Supplementary Material

Supplementary figures and tables.



BBB: blood-brain barrier; BSO: L-buthionine sulphoximine; Bz: benzyl; CTA: cetyltrimethylammonium; CS NPs: core-shell nanoparticles; CLSM: confocal laser scanning microscopy; DiR: 1,1-dioctadecyl-3,3,3,3-tetramethylindotricarbocyanine iodide; DLS: dynamic light scattering; DMF: N,N-dimethylformamide; DMSO: dimethyl sulfoxide; DTT: Dithiothreitol; EPR: enhanced permeability and retention; FCM: flow cytometry; FG: functional group; FITC: fluorescein isothiocyanate; GA: gambogic acid; GSH: Glutathione; HA-SS-ATRA: hyaluronic acid-all-trans retinoid acid with a disulfide bond as the linker; H&E: haematoxylin and eosin; MTT: 3-(4,5-dimethylthiazol-2-yl)-2,5-diphenyltetrazolium bromide; MWCO: molecular weight cut off; PDI: polydispersity index; γ-PFGA: poly (γ-glutamic acid) with different grafting rates of the FG; PI: propidiumiodide; RES: reticuloendothelial system; ROI: region-of-interest; TBA: tetra-n-butyl ammonium hydroxide; TDS: thiamine disulfide system; TEM: transmission electron microscopy; TNM: Tumor-Node-Metastasis.


This research work was financially supported by the National Natural Science Foundation of China (Grant No. 81801819) and a program from “Double First-Class” University project (No. CPU2018GY34).

Competing Interests

The authors have declared that no competing interest exists.


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Author contact

Corresponding address Corresponding authors: liu_fuleicom; fengsunlightcom; liuwenyuan8506com.

Received 2019-3-20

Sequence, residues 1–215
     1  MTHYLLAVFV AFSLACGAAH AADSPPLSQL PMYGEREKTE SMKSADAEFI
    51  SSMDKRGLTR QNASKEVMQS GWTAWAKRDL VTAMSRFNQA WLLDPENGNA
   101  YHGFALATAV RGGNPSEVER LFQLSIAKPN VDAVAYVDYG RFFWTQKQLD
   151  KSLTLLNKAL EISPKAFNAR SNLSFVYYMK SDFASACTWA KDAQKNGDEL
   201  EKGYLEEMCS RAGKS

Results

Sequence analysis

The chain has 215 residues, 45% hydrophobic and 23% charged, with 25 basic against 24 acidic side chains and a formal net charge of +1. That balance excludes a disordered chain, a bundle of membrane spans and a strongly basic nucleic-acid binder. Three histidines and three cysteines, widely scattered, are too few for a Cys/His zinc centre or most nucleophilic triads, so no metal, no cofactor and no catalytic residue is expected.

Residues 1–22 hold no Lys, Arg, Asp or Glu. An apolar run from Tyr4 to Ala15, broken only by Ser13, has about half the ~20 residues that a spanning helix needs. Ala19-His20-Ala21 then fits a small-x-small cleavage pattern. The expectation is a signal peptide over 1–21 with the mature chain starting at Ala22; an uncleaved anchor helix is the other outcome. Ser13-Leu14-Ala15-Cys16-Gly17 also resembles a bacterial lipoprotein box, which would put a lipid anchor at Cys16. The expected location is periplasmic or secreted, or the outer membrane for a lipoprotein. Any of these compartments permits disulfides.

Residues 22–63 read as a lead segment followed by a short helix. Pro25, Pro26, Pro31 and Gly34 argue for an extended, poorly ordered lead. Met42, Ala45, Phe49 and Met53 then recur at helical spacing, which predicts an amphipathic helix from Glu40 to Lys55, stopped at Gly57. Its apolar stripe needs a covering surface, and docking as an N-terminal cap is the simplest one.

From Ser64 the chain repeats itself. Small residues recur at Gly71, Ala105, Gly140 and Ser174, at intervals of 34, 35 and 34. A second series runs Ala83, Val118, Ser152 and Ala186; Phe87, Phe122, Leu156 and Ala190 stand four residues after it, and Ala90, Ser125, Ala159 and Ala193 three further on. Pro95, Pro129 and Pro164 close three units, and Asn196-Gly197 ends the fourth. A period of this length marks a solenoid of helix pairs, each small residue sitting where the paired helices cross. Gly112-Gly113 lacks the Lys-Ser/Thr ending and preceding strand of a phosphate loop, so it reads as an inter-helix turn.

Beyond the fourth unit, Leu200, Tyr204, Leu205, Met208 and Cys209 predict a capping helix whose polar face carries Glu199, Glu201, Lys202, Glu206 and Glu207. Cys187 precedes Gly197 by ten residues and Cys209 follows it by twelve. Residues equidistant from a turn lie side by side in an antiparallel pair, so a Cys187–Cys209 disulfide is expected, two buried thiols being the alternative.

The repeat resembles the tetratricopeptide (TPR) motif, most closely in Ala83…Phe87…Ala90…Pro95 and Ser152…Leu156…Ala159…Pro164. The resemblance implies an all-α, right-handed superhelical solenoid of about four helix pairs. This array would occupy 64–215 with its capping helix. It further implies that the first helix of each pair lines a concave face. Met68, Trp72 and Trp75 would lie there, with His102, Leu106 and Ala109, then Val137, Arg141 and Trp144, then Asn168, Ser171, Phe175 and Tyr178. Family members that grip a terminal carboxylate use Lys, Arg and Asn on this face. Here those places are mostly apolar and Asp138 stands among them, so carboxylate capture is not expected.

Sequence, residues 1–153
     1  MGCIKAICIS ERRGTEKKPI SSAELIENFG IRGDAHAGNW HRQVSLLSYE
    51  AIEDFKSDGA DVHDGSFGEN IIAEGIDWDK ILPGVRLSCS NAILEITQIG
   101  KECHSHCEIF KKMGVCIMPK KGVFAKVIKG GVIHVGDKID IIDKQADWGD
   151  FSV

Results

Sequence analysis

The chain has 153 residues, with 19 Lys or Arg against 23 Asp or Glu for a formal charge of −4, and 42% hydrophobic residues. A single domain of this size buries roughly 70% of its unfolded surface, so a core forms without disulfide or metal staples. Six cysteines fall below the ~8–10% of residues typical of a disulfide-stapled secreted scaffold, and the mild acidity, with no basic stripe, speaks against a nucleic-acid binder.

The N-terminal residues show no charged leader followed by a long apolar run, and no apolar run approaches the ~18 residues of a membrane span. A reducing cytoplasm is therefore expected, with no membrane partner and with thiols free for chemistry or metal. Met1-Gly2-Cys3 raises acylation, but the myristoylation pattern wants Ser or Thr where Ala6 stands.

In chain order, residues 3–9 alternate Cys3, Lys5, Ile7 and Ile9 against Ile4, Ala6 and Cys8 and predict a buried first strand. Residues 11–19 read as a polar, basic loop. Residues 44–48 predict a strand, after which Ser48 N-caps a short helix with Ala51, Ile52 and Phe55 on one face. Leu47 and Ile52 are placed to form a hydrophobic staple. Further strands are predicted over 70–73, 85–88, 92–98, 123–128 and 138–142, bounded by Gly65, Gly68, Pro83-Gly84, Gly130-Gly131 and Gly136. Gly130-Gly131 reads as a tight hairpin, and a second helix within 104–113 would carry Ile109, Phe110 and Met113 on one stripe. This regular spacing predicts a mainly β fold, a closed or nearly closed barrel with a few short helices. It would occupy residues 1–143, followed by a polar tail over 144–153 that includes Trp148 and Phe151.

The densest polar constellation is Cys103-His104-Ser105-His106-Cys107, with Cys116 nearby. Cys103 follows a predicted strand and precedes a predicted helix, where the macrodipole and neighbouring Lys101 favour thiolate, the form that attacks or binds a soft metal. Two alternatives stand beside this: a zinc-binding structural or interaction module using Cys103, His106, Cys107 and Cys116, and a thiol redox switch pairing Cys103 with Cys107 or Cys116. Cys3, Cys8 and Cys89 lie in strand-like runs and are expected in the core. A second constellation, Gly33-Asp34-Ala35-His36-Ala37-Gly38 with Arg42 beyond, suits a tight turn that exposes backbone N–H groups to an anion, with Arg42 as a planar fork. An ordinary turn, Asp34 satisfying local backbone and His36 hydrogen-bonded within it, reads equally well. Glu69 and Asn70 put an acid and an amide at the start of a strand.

Accepted 2019-6-18
Published 2019-8-21

Citation styles

Han, L., Wang, Y., Huang, X., Liu, B., Hu, L., Ma, C., Liu, J., Xue, J., Qu, W., Liu, F., Feng, F., Liu, W. (2019). A stage-specific cancer chemotherapy strategy through flexible combination of reduction-activated charge-conversional core-shell nanoparticles. Theranostics, 9(22), 6532-6549.

Han, L.; Wang, Y.; Huang, X.; Liu, B.; Hu, L.; Ma, C.; Liu, J.; Xue, J.; Qu, W.; Liu, F.; Feng, F.; Liu, W. A stage-specific cancer chemotherapy strategy through flexible combination of reduction-activated charge-conversional core-shell nanoparticles. Theranostics 2019, 9 (22), 6532-6549. DOI: 10.7150/thno.35057.

Han L, Wang Y, Huang X, Liu B, Hu L, Ma C, Liu J, Xue J, Qu W, Liu F, Feng F, Liu W. A stage-specific cancer chemotherapy strategy through flexible combination of reduction-activated charge-conversional core-shell nanoparticles. Theranostics 2019; 9(22):6532-6549. doi:10.7150/thno.35057.

Han L, Wang Y, Huang X, Liu B, Hu L, Ma C, Liu J, Xue J, Qu W, Liu F, Feng F, Liu W. 2019. A stage-specific cancer chemotherapy strategy through flexible combination of reduction-activated charge-conversional core-shell nanoparticles. Theranostics. 9(22):6532-6549.